Sunday, June 25, 2006

No fish diet can make you depressed

The Melbourne Age had this article a couple of days ago, stating that "People with a diet low in fish oil are more likely to suffer mood disorders, cardiac problems and other health conditions"

I have reproduced some extracts and I have added some comments.

A study by researchers at Sydney's Black Dog Institute found there was a plausible link between high rates of depression and bipolar disorder and low consumption of Omega-3 fatty acids. Full paper here.(pdf)

These important fats are found in seafood, wild game and plants, but are rapidly disappearing from the western diet.

There has been, for some years now, an increase in popularity for game meats and seafood. Also, the popularity of pasture fed farm animals (as opposed to grain fed) is increasing as well.This is an encouraging sign as people are increasing their Omega-3 EFAs, albeit, unknowingly.

The study also found that mothers who had lower levels of Omega-3 in their breast milk were more likely to suffer from postnatal depression.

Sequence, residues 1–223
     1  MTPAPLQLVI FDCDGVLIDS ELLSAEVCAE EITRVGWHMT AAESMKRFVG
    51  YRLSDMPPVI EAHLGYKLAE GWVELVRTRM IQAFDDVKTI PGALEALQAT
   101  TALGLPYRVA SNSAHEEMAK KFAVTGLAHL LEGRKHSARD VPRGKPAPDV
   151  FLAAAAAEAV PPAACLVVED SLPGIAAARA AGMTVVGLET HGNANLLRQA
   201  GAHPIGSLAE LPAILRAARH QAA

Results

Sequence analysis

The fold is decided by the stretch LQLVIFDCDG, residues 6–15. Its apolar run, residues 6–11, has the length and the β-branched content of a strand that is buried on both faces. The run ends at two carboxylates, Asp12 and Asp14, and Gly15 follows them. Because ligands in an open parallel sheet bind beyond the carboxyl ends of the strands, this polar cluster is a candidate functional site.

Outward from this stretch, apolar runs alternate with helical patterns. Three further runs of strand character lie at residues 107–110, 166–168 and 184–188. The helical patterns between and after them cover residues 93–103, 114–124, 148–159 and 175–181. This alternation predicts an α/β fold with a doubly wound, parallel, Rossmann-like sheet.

Image of Professor Gordon Parker from the Black Dog Institute's website

Lead researcher and institute director Professor Gordon Parker (above) said Omega-3 polyunsaturated fatty acids, found in fish, have in many cases been replaced by saturated fats from farm animals and Omega-6 polyunsaturated fatty acids from common vegetable oils.

"These changes have led to a 10-fold increase in the ratio of omega-6 to Omega-3 fatty acids in the Western diet," Prof Parker said. The Omega-3 to Omega-6 ration is a subject touched upon by Drs. Eades and Dr.Loren Cordain. I strongly suggest you browse their websites for further research.

Research has shown that changes in the level of fatty acids in the diet are linked to the rise in cardiovascular disease, depression and other neurological disorders.

Omega-3 supplements are becoming increasingly popular among people with mood disorders because they're believed to be a practical and simple treatment. Good examples of Omega-3 supplements are Cod liver oil (liquid form) and Flaxseed oil capsules.

Flaxseed Oil
Cod Liver Oil

Prof Parker said much work is still needed to be done to determine which Omega-3 fatty acid, and in what ratio to Omega-6 fatty acids, was likely to have the greatest benefit and in what dosage. As stated above, people are increasing their Omega-3 oils by eating more fish, pasture feed beef, game meat and supplements. Research by Dr. Loren Cordain and Drs. Eades (also mentioned above) suggest that the ideal ratio of Omega-3 to Omega-6 should be as close to 1:1 as is possible.

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